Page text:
"We also need to move the dial on investment approaches, with more focus on embracing potentially significant opportunities to improve outcomes, rather than tinkering with the minutiae in the regulations.”

Also in the mini-Budget, the Chancellor announced that the government will be bringing forward the 1 percentage point cut to the basic rate of income tax to April 2023, 12 months earlier than planned.

The cuts are being accelerated in an effort to ensure workers, savers and pensioners can keep more of their income, with an average gain of £170 in 2023-2024.

However, The Growth Plan confirmed that there will be a one-year transitional period for Relief at Source pension schemes to allow them to continue to claim tax relief at 20 per cent.

These changes may not be as effective as hoped, however, as Aegon pensions director, Steven Cameron, stressed that while the changes will allow "millions" to keep more of what they earn, unfreezing the income tax thresholds could be a much more powerful lever.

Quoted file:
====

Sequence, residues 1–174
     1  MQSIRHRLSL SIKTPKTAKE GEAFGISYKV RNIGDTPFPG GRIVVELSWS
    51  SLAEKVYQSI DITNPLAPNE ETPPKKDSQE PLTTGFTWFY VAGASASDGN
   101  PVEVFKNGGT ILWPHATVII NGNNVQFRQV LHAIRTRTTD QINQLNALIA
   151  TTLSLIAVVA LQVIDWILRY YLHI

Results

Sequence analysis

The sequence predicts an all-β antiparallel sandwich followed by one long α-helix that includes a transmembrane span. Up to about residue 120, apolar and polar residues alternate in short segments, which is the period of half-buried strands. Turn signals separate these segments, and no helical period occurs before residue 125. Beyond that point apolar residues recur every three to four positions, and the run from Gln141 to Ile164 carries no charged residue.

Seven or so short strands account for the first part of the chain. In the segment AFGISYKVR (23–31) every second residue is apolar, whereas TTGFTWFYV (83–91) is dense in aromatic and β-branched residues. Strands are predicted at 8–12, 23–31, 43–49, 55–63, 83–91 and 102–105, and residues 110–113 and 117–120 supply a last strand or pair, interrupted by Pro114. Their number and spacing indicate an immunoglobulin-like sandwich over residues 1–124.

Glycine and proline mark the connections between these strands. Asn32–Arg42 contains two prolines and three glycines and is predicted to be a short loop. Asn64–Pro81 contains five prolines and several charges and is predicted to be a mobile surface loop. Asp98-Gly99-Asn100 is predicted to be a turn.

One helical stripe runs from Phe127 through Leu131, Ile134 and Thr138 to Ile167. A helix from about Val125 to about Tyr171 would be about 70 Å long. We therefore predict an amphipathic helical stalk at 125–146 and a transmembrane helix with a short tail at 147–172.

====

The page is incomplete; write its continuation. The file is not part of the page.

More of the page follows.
“While this is a welcome boost to take-home pay, for many it will fail to compensate for frozen income tax thresholds," he continued.

"Unfreezing these would be a much more powerful lever to support lower and modest earning households.

"For anyone earning under £37,670, increasing the basic rate threshold by 10 per cent, around the current rate of inflation, would offer a greater income tax saving than cutting the rate of income tax from 20 per cent to 19 per cent."

However, Canada Life technical director, Andrew Tully, suggested that the reduction in income tax could present a "pension planning opportunity for those who can afford to make pension contributions in the current tax year".

"Additional rate taxpayers will get 45 per cent relief, whereas next year contributions will only receive 40 per cent relief," he explained. "Similarly, basic rate taxpayers can obtain 20 per cent relief on contributions this year, which will fall to 19 per cent next year.”